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July 1, 2012

Nasdaq and NYSE Seek Retail Flow

By Peter Chapman

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Will action speak louder than words? Both Nasdaq OMX and NYSE Euronext have complained bitterly to the Securities and Exchange Commission about the dearth of retail orders on the public markets in recent years. Now with Nasdaq OMX's decision to establish a "Retail Investor Auction," both of the major exchange operators are actively pursuing retail flow. Their plans pit them squarely against the big wholesalers, which dominate the retail business, but at the same time include soliciting orders from them.

Both companies need SEC approval to move forward. At presstime, Nasdaq had yet to file its proposal with the SEC. The New York Stock Exchange and sister exchange NYSE MKT, both units of NYSE Euronext, filed for approval back in October, but have run into opposition from the regulator. The SEC has until July 6 to reach a decision.

Nasdaq announced its auction proposal in May during its annual Investor Day. Eric Noll, an executive vice president responsible for transaction services, told analysts the idea was to offer price improvement on retail orders by pitting market makers against each other in special auctions. The NYSE proposal is similar, but perhaps more convoluted.

"The New York Stock Exchange has made somewhat of a big deal about their 'Retail Liquidity Program,'" Noll said. "We think there are some problems with the structure, what they're trying to do and, ultimately, some problems with the way that process will work. So we have created what we believe is a much more innovative and effective competitive tool."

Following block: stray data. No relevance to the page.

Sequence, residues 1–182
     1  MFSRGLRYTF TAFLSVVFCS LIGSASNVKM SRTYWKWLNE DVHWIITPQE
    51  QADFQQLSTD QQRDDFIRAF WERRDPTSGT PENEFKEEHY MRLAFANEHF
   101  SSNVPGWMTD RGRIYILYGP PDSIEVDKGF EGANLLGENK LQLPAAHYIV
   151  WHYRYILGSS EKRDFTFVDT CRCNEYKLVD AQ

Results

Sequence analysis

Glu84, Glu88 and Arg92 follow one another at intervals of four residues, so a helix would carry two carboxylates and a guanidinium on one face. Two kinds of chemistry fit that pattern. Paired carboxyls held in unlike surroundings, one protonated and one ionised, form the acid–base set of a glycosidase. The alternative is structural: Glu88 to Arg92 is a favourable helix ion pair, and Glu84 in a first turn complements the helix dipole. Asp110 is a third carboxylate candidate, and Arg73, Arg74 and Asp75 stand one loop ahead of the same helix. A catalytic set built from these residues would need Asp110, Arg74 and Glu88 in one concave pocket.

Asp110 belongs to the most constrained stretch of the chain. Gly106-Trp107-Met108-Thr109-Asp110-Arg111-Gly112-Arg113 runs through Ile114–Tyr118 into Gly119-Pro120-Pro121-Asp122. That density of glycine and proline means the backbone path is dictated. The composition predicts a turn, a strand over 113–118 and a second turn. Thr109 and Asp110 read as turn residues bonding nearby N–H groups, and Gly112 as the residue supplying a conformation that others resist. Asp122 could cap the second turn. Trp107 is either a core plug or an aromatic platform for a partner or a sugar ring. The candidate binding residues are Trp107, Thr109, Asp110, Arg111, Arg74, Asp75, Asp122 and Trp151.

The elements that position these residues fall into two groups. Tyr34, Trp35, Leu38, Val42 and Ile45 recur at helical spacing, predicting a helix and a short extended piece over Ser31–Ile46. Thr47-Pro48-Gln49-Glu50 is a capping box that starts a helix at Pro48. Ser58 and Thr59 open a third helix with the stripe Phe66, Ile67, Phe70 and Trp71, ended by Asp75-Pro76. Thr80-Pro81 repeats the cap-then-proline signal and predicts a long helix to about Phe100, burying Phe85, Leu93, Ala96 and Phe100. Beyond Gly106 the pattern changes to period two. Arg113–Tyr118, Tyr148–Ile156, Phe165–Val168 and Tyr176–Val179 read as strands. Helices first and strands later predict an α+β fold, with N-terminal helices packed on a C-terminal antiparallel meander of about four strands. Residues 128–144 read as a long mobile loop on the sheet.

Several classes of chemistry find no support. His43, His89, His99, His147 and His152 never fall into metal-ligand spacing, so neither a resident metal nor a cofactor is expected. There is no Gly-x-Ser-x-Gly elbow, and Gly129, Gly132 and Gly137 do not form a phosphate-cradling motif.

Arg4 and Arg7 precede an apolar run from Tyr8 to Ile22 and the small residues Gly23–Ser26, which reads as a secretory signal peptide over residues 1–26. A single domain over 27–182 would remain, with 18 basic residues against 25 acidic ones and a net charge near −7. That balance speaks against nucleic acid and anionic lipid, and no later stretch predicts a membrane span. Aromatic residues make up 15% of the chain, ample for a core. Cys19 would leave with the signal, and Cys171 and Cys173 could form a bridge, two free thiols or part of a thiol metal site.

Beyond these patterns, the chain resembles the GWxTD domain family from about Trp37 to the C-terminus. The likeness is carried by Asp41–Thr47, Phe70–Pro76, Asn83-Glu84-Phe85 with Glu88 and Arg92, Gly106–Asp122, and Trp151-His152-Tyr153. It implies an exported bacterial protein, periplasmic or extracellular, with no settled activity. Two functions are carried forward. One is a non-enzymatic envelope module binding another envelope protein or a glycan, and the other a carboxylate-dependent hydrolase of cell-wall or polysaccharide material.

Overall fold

Both exchanges are looking to compete with the big wholesalers and other internalizers operating dark pools as well as solicit flow from them. The moves represent a significant step-up in a two-year campaign attacking the brokers' stranglehold on retail orders. Both NYSE and Nasdaq have complained bitterly to the SEC and in public forums that broker internalization is harming the public market's price discovery process. (It has also harmed their market shares.) Now the war of words is being accompanied by action.

"This is designed to take flow back from dark trading," Noll said. "It's going to pull business out of the dark side of the marketplace and back onto the lit venues." Part of the plan involves soliciting orders from the wholesalers by guaranteeing them a level of price improvement that they can then pass on to their customers.

Guaranteeing price improvement typically requires committing capital. Noll indicated that wholesalers may be reluctant to commit capital these days.

On the other side of the equation, the proposed model also benefits Nasdaq's registered market makers. In the past few years, many have complained that the quality of flow with which they interact has deteriorated.

The dealers say they want to trade against retail flow, but the high-quality material often does not make it to the public market. Rather, it gets caught in the web of dark pools and wholesalers, leaving the exchanges with the more "toxic" flow.

Under Nasdaq's auction plan, "market makers who wouldn't otherwise get a chance to interact with that retail order flow will compete to offer price improvement," Noll explained.